In summary, the president was determined in his words, but it is not definite what a plan would do and very unrealistic as to how it will be paid for. His most effective statement for me from a provider point of view was his desire to create safer care and a more coordinated and integrated model.

Tim Size, executive director, Rural Wisconsin Health Cooperative

The president made it clear he stands on common ground for our country by “building on what works.” A new government-run plan that undermines the private sector now seems less likely. A major shift of patients into
a plan paying Medicaid- and Medicare-type rates would harm rural patients’ access to local healthcare. Reform affecting rural communities must and can be built on quality outcomes and efficiency while delivering care locally. As the president concluded, “I believe we can replace acrimony with civility, and gridlock with progress.”

Karen Ignagni, president and CEO,
America’s Health Insurance Plans

We agree the status quo is not sustainable. That is why health plans last year did something industries rarely do: stepped up and offered solutions to address the healthcare concerns raised by the American people. We proposed health insurance reform to guarantee coverage to all Americans, eliminate preexisting condition exclusions and rescissions, and no longer base premiums on a person’s health status or gender. To keep coverage as affordable as possible, these reforms must be paired with an effective coverage requirement to get everyone into the healthcare system.

New health insurance reforms and consumer protections will solve the problem without creating a new government-run plan that will disrupt the quality coverage that millions of Americans rely on today. We share the concerns that hospitals, doctors, employers, and patients have all raised about the significant unintended consequences of a government-run plan.

Healthcare reform must also include a serious commitment to cost containment to ensure that coverage is more affordable and to put our healthcare system on a sustainable and fiscally responsible path. New taxes on healthcare coverage will have the opposite effect by making coverage less affordable for families and small businesses across the country.

Health plans will continue to work with policymakers and stakeholders to advance comprehensive, bipartisan healthcare reform. The nation cannot afford to let this historic opportunity pass us by.

Bruce McPherson, president and CEO, The
Alliance for Advancing Nonprofit Health Care

We are pleased that the president is seeking to exercise greater leadership in crafting healthcare reform legislation, and many of the principles he outlined,suchas health insurance market reforms,are needed and appropriate. Clearly,more details of his plan need to be unveiled, including medical malpractice tort reform, healthcare delivery reforms,and precisely how to pay for his $900 billion plan. Our one major disappointment in his speech was his apparent unwillingness at this pointtoremove from the tablethe public health plan option or similar ideas. Hopefully, he will drop this unnecessary and inappropriate concept in the weeks ahead, and in the process achieve bipartisan support and substantially enhance the odds of the passage of reform legislation this year.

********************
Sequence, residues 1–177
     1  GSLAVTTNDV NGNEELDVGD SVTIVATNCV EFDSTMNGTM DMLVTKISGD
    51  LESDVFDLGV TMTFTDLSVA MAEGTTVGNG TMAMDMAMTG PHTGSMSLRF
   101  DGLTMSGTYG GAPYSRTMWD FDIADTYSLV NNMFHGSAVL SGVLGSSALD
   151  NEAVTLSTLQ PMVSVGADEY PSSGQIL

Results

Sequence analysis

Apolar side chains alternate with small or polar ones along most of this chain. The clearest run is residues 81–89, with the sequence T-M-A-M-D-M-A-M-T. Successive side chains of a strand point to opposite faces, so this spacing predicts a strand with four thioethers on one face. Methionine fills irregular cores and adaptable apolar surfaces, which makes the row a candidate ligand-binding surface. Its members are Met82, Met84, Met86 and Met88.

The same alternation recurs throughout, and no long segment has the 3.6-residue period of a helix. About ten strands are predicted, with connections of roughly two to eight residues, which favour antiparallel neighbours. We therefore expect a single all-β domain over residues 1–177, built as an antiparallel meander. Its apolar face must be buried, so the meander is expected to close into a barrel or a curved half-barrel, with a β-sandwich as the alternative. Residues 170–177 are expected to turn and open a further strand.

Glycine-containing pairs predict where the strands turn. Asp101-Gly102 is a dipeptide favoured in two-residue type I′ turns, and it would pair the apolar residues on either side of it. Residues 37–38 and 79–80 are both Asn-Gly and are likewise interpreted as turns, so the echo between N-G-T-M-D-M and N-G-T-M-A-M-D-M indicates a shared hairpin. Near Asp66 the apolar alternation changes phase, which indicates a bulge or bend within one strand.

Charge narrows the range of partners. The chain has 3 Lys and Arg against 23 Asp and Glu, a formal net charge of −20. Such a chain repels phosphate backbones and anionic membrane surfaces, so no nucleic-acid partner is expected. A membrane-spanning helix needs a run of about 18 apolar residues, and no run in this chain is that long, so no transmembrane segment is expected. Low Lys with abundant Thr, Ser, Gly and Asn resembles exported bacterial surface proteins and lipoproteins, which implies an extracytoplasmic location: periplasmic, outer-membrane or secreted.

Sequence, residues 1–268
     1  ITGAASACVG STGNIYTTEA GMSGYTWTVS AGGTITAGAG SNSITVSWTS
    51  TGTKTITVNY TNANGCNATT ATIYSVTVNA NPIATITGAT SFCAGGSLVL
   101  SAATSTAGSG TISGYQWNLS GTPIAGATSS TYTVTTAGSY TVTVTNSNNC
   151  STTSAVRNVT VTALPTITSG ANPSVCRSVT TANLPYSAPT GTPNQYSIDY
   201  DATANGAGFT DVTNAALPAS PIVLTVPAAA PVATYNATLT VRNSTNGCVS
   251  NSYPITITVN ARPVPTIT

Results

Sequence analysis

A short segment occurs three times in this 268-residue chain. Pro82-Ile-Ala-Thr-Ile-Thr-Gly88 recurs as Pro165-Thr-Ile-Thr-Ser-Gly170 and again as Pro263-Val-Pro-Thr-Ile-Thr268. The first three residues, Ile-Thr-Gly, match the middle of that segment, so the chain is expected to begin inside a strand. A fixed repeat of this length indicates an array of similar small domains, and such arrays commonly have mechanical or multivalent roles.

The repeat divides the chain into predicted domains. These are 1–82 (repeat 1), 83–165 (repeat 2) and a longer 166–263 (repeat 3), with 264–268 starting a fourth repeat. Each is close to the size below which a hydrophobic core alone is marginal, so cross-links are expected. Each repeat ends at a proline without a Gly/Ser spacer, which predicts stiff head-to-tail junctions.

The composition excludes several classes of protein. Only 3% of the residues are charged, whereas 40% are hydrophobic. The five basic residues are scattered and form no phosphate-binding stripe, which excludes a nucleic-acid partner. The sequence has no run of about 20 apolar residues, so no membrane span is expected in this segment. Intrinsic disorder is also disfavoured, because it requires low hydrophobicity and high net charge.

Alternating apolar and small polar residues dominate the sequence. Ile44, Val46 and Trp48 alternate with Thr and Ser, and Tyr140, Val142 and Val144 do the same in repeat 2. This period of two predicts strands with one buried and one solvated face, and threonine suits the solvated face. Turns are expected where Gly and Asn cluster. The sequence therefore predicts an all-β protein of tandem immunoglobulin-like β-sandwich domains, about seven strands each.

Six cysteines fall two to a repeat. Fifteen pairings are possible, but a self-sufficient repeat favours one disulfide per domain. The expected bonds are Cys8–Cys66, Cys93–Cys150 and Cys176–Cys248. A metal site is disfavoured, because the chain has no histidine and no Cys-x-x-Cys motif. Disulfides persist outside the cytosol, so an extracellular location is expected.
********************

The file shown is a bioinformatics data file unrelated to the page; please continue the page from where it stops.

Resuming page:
His claim and example in the speechof a lack of adequate private insurance competition in many states is not supported by the facts, nor common sense.

If there are real competition problems that wouldn’t already be resolved through the insurance market reforms he outlined, then there is an existing, appropriategovernment solution—referral of any allegations to federal or state antitrust regulators for investigation.

Tracey Moorhead, president and CEO,
DMAA: The Care Continuum Alliance

We welcome the president’s support for expanded coverage of preventive care and his recognition of prevention and wellness as important tools for controlling the cost of chronic illness. But improving quality and reducing costs require broadscale reform that moves our system from reactive care to promotion of health as a shared national resource. This will require payments and incentives aligned across all providers, purchasers, and consumers toward a goal of improved health.

Joseph Kvedar, founder and director,
Center for Connected Health

I have never heard President Obama give a poor address. He gave a fine address. It was, however, long on discussion of improving access. He gave great detail on access. When it came to cost reduction, the details were frighteningly lacking. For instance, there are credible data that screening tests he referred to do not in fact reduce costs but probably add to them.

My other observation is that the whole speech was based on the construct that illness is the accident. I tend to be more concerned about the 50% of costs that are based on unhealthy behaviors or the part of healthcare that is less of an accident and more from irresponsibility. Any program that will truly affect cost must address this.

I’d say a very compelling case was made for health reform 1.0. These are important reforms and hard to get done, but they should only be viewed as a first step.

Bob Stone, cofounder and executive vice
president, Healthways

The president outlined a clear set of principles for what has now clearly been acknowledged as health insurance reform rather than healthcare reform. Arguably, a bill that included these provisions would go a long way toward addressing the issues of the uninsured, the underinsured, and those with insurance who have been treated less than scrupulously by bad actors among the insurance industry. It is less than clear, however, whether this plan will do anything to lower healthcare costs.